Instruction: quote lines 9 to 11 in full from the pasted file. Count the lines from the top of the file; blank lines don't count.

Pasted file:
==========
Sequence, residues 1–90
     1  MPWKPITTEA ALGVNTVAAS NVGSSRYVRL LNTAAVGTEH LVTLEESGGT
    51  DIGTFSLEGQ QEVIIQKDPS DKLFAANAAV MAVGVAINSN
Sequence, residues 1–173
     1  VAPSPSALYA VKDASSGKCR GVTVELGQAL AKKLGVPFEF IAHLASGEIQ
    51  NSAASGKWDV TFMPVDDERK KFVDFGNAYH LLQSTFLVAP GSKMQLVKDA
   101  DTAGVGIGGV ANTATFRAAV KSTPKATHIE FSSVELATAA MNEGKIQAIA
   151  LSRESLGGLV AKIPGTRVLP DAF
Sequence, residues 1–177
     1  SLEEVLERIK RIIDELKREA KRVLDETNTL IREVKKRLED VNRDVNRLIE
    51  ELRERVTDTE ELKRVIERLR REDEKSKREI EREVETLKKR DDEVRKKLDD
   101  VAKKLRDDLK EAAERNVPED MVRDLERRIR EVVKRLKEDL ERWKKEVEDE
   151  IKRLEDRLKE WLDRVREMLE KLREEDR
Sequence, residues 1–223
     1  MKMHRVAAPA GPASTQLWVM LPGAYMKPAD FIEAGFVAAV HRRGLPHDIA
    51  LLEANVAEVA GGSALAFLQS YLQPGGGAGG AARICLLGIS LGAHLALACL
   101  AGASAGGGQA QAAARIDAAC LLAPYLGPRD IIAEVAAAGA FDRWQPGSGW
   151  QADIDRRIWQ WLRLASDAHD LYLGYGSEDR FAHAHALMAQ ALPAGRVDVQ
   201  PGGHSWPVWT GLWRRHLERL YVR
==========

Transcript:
Sequence, residues 1–177
     1  SLEEVLERIK RIIDELKREA KRVLDETNTL IREVKKRLED VNRDVNRLIE
    51  ELRERVTDTE ELKRVIERLR REDEKSKREI EREVETLKKR DDEVRKKLDD